Was Charles Dickens really paid by the word?

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Although this theory would explain why his novels tend to be rather...dense, it’s not true. Dickens published most of his novels serially, meaning one section would be printed and sold each month, and he was paid for each one of these installments. For his first full-length novel, The Pickwick Papers, that meant 19 monthly installments at 32 pages each (except the last, which was a special “double issue”), and Dickens got paid each time he turned in 32 pages of text. So, even though he wasn’t paid for each word, what is true is that he had a monetary incentive to make his novels longer, and honestly, I don’t blame him.
Asked by Khalid Waters in Science, Rain and Flooding, Clouds, Weight and Mass

How much do clouds weigh?

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To calculate the weight of a cloud, you first have to figure out how dense it is. The average density of a cumulus cloud is around half a gram of water per cubic meter. Second, you need to determine how big the cloud is, presumably by measuring its shadow while the sun is above it. A typical cloud is about a kilometer across and roughly cube shaped, meaning it has a volume of one billion cubic meters. Using this formula, scientists have determined that the average cumulus cloud weighs around 1.1 million pounds.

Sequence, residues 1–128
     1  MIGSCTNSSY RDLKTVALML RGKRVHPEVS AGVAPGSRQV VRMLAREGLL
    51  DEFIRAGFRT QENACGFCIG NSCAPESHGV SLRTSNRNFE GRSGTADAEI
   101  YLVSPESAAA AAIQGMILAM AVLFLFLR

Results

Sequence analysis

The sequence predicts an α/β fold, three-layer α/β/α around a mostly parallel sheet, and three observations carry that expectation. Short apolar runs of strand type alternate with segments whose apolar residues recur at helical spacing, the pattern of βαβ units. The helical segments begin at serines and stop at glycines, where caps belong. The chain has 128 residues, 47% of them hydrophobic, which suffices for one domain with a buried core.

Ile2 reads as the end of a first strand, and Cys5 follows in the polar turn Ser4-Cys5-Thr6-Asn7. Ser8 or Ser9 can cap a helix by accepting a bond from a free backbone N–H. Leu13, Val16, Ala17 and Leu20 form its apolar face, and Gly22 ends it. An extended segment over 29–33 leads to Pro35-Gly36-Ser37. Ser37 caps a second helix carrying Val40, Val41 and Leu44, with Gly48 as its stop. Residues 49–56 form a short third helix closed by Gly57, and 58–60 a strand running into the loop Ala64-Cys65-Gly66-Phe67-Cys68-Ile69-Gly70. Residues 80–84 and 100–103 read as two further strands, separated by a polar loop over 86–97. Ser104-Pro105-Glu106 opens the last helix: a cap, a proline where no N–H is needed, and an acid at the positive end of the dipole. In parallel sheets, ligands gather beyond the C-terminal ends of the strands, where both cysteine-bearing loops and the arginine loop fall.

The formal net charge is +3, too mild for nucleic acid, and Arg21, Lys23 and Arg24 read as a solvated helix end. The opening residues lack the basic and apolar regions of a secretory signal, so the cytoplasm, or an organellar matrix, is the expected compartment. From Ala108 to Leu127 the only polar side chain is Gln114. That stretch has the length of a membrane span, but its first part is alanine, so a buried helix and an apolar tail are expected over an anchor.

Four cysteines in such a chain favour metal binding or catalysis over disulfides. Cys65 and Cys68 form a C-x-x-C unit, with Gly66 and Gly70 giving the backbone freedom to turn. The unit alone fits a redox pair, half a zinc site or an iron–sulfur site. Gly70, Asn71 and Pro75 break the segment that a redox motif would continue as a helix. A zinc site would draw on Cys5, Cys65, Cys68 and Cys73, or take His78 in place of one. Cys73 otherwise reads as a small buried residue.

Asked by Emilia Bartell in Oral Health and Dental Care

What should you do if your tooth gets knocked out?

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You should find your tooth and put something on the oozing blood then call a dentist and get help ASAP.
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Asked by Carlo Kiehn in Air Travel, History of Aviation

How long is the shortest commercial flight?

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The UK airline Loganair has a flight that goes from the island of Westray to the island of Papa Westray in the Northern Isles of Scotland. It covers about 1.7 miles and lasts around a minute on average. If there is a strong headwind, the flight can take closer to two-and-a-half minutes; with a tailwind, it’s been completed in 53 seconds.
Asked by Yasmine Welch in Iowa, Politics and Government

What went wrong with the Iowa caucus?

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The results of the 2020 Iowa caucus were delayed considerably for the Democratic party. The delay is being largely blamed on reporting and coding problems with the new smartphone app that is being used to collect results. In the face of harsh criticism for the issue-riddled caucus, Iowa Democratic Party Communications Director Mandy McClure shared the following update late Monday night: “We found inconsistencies in the reporting of three sets of results. In addition to the tech systems being used to tabulate results, we are also using photos of results and a paper trail to validate that all results match and ensure that we have confidence and accuracy in the numbers we report. This is simply a reporting issue, the app did not go down and this is not a hack or an intrusion. The underlying data and paper trail is sound and will simply take time to further report the results.”
Asked by Tavares Cole in Federal Laws, Politics and Government

What happens to the funds a politician raised when they drop out of a race?